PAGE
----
> this site; indeed much of what is below is taken verbatim from other
> articles -- it is only the application that is new.
> [snip]
> *Factor #3 -- Getting Physical! The Wrong "Resurrection"
> *As we have shown here <>, the
> resurrection of Jesus, *within the context of Judaism, was thought by
> Gentiles to be what can be described as "grossly" physical.* This in
> itself raises a certain problem for Christianity beyond a basic Jewish
> mission. We have regularly quoted the dictum of Pheme Perkins:
> "Christianity's pagan critics generally viewed resurrection as misunderstood
> metempsychosis at best. At worst, it seemed ridiculous." It may further be
> noted that the pagan world was awash with points of view associated with
> those who thought matter was evil and at the root of all of man's problems.
> Platonic thought, as Murray Harris puts it, supposed that "man's highest
> good consisted of emancipation from corporeal defilement. The nakedness of
> disembodiment was the ideal state." Physical resurrection was the last sort
> of endgame for mankind that you wanted to preach.
> Indeed, among the pagans, resurrection was deemed impossible. Wright in
> Resurrection of the Son of God quotes Homer's King Priam: "Lamenting for
> your dead son will do no good at all. You will be dead before you bring him
> back to life." And Aeschylus Eumenides: "Once a man has died, and the dust
> has soaked up his blood, there is no resurrection." And so on, with several
> other quotes denying the possibility of resurrection. [32-3] Wright even
> notes that belief in resurrection was a ground for perseuction: "We should
> not forget that when Irenaeus became bishop of Lyons he was replacing the
> bishop who had died in a fierce persecution; and that one of the themes of
> that persecution was the Christians' tenacious hold on the belief in bodily
> resurrection. Details of the martyrdom are found in the letter from the
> churches of Vienne and Lyons to those of Asia and Phrygia. The letter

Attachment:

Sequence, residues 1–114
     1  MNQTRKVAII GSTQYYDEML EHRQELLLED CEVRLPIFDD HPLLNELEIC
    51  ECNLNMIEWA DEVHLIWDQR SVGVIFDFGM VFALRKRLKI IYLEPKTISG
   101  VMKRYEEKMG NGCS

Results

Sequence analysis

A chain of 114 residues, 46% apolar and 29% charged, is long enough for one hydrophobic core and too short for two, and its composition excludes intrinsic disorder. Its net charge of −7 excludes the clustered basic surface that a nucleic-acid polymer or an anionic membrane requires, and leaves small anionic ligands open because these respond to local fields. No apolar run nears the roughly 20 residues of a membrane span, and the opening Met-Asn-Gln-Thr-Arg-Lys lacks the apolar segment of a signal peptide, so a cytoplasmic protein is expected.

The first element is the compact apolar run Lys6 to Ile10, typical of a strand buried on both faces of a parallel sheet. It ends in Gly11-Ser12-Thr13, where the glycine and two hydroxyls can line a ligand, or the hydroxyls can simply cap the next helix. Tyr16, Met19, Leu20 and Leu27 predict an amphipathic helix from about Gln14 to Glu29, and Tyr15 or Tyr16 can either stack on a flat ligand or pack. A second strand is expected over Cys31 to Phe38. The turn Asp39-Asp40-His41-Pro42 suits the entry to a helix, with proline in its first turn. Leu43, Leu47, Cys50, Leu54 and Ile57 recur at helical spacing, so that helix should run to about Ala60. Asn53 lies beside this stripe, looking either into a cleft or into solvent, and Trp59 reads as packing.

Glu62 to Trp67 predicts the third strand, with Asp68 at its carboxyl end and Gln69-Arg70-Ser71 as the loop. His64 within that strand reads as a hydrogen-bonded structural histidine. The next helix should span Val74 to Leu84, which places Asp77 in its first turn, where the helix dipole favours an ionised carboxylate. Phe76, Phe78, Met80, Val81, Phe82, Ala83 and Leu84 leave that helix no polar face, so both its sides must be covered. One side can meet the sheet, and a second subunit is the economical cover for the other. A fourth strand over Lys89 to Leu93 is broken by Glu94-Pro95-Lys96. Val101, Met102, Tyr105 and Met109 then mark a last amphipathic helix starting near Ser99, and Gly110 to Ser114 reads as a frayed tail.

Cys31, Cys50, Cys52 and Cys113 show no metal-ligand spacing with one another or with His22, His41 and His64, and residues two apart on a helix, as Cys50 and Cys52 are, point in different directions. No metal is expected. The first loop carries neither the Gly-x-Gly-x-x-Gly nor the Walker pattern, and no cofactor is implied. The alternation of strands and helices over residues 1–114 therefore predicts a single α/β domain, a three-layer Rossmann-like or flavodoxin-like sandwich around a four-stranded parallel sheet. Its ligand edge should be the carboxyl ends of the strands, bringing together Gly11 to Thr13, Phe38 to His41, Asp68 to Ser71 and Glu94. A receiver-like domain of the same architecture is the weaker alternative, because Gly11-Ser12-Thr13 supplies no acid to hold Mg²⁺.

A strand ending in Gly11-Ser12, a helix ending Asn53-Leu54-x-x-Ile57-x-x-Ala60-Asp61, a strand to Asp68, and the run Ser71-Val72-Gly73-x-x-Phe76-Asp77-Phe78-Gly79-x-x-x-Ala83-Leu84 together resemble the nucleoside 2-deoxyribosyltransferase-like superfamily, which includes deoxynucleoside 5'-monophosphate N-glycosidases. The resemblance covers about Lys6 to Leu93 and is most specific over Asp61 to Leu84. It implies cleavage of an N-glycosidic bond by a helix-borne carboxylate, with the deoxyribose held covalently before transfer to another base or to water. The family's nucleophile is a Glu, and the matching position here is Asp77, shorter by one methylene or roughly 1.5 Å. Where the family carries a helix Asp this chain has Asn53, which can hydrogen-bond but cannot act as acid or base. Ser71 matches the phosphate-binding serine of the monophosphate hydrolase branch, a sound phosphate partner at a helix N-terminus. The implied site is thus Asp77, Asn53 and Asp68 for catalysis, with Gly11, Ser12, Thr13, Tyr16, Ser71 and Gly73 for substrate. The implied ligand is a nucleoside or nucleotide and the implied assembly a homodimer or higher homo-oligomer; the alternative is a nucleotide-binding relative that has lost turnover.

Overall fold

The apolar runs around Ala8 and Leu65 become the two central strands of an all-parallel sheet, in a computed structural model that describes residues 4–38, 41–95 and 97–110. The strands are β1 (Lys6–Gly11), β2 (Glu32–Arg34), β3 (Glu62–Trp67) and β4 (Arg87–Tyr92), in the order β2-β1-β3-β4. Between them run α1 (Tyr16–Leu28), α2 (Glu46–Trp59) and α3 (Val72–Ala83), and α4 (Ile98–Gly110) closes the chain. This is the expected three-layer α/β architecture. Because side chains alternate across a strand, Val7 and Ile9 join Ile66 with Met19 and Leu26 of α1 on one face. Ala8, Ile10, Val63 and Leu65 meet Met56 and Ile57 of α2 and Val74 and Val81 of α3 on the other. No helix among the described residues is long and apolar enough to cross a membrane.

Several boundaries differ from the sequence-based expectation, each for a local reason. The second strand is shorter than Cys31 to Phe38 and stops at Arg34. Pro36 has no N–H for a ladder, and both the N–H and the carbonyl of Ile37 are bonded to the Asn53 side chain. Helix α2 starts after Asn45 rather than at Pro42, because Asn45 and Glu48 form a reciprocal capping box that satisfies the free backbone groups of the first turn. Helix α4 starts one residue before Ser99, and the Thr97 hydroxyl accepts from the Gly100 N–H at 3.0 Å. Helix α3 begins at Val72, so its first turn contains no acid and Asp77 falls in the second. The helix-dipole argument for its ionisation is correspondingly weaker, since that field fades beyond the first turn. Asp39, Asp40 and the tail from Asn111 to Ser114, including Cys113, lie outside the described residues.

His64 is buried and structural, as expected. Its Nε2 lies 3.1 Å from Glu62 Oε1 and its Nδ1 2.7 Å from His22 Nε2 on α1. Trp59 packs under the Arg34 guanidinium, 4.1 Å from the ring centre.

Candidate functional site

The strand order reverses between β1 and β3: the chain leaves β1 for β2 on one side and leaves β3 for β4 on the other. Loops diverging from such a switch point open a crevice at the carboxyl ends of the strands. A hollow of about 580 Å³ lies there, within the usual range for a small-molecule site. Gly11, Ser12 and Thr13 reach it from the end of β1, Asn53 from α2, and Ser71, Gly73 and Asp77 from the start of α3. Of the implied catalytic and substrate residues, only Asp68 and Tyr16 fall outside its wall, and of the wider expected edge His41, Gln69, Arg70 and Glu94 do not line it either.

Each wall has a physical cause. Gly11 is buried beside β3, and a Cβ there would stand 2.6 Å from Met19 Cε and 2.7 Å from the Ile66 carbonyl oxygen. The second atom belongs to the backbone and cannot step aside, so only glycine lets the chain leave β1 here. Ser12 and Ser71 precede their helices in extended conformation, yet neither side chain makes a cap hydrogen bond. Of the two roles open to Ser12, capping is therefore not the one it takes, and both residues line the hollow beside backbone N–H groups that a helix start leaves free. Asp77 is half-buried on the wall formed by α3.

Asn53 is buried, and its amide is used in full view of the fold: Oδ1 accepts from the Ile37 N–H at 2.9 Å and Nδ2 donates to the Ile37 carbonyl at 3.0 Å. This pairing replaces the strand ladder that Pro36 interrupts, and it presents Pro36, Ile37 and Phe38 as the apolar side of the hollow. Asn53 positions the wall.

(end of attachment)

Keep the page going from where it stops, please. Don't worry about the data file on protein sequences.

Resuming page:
> describes how in some cases the torturers burnt the bodies and scattered the
> ashes into Rhone, so that no relic of the martyrs might still be seen on
> earth. This they did, says the writer, 'as though they were capable of
> conquering god, and taking away their rebirth [palingenesia]'."
> Judaism itself would have had its own, lesser difficulty, albeit not
> insurmountable: there was no perception of the resurrection of an individual
> before the general resurrection at judgment. But again, this, though weird,
> could have been overcome -- as long as there was evidence! Not so easily in
> the pagan world. We can see well enough that Paul had to fight the Gnostics,
> the Platonists, and the ascetics on these counts. But what makes this
> especially telling is that a physical resurrection was completely
> unnecessary for merely starting a religion. It would have been enough to say
> that Jesus' body had been taken up to heaven, like Moses' or like Elijah's.
> Indeed this would have fit (see here<>)
> what was expected, and would have been much easier to "sell" to the Greeks
> and Romans, for whom the best "evidence" of elevation to divine rank was
> apotheosis -- the transport of the soul to the heavenly realms after death;
> or else translation while still alive. So why bother making the road harder?
> There is only one plausible answer -- they really had a resurrection to
> preach.
> *[snip] *Continue here:
> ~ Janice

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Received on Thu Mar 1 12:13:32 2007